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“We need to draw a line in the sand”: CEDA report reveals community disconnect in business and government

CEDA’s latest report identifies a critical policy stack and a new approach to policy to reboot economic development and reconnect people to benefits of growth

A new report has identified a way to reboot economic development to reconnect people with the benefits of growth as community trust in business and governments deplete.

The Community for Economic Development Australia’s (CEDA) report identifies five priority areas – critical services, population, technology and data, workplace, workforce and collaboration and institutions – that will matter most to future social success.

CEDA Chief Executive, Melinda Cilento, said: “Too many Australians feel disconnected from the opportunities and benefits brought by economic growth.

“We need to draw a line in the sand and say this is the lowest point of disconnect we will accept. But if we are to bridge the disconnect, we need a new approach to policy and a new operating model for policy development and engagement.”

Cilento said the Australian community is sceptical about the growth benefits available to them with businesses in some sectors not doing the right thing and the rapid depletion of regulatory resourcing and capacity contributing to community distrust.

“Australia’s past success provides strong foundations, but we need to start thinking about policy reform differently, to develop new policy solutions and capabilities that can be plugged in and updated to secure economic development as circumstances change.”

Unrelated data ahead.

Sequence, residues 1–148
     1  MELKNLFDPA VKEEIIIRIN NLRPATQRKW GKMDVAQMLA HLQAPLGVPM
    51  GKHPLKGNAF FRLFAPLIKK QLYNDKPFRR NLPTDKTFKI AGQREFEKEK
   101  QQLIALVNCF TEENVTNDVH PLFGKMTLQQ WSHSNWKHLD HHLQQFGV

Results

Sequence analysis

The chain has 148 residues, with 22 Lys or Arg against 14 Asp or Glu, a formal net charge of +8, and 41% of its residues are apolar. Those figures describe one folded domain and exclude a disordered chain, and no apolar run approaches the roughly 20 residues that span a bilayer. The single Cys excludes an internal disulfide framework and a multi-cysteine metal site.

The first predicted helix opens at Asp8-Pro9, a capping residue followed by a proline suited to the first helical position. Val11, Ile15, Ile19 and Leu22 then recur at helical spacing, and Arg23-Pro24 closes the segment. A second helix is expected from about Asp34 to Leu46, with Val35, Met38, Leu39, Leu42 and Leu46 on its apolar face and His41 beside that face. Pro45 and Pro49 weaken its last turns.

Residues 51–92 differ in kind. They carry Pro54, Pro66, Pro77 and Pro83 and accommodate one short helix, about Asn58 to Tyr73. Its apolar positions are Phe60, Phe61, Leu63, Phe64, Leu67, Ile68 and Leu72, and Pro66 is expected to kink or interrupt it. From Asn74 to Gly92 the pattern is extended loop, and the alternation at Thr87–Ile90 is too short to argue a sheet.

She added that technology has a huge potential to drive change, but the focus needs to be on technology in the public interest. Policy reform should also be less about reforms and more about the agility in policy making that taps into community expertise.

“In a technology driven rapidly changing world, we can’t expect government to hold all the expertise and answers, which is why we need better models that allow the public sector to build capabilities and to tap into other sources of expertise,” Cilento said.

Cilento added that Australia can no longer afford to have businesses and government in separate silos and it is unacceptable to pursue their own interests and assume that the community will simply accept what is delivered.

The report found that the community has less trust in the government than it does in business, with 56 per cent of Australians reporting that government is the most broken institution, compared to 42 per cent globally. CEDA attributes this sobering result to Australia having had six Prime Ministers in just the last decade.

The shortfalls and challenges are demanding a far more constructive and collaborative approach across the government, business, workers, community and not-for-profit sectors, with CEDA reporting that no one sector on their own can rebuild trust or deliver breakthrough solutions to problems that will improve people’s lives.

“Ensuring that our social compact remains strong and relevant in the face of changing workplaces and business models, for instance, will be essential to retaining community confidence in the benefits of technology and its adaption,” Cilento said.

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